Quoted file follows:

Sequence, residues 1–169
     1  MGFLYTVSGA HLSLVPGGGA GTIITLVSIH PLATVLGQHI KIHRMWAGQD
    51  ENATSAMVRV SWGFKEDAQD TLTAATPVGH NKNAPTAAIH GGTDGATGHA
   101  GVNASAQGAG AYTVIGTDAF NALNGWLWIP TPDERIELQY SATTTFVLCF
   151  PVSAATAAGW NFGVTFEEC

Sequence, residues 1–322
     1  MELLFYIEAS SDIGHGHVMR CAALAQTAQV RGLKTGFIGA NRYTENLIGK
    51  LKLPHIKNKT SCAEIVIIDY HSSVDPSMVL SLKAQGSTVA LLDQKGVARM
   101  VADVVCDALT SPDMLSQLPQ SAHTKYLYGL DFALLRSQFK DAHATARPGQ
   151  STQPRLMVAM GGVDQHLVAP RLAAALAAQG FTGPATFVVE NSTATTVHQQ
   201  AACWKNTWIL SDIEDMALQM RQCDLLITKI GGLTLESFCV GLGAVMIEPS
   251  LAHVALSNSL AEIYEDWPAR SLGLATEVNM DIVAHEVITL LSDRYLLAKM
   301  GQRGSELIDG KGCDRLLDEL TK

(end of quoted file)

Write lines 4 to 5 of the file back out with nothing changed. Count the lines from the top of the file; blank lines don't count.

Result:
   101  GVNASAQGAG AYTVIGTDAF NALNGWLWIP TPDERIELQY SATTTFVLCF
   151  PVSAATAAGW NFGVTFEEC